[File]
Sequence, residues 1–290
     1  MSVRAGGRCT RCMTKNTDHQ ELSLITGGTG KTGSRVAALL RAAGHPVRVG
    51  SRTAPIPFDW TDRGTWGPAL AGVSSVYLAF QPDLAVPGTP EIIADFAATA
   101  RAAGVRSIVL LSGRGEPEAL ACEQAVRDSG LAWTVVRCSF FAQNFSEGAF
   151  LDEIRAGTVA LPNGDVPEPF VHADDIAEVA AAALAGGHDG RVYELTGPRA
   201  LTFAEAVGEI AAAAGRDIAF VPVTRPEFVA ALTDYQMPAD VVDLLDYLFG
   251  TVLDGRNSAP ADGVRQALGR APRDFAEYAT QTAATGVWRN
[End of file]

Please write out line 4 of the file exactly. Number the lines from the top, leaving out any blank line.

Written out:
   101  RAAGVRSIVL LSGRGEPEAL ACEQAVRDSG LAWTVVRCSF FAQNFSEGAF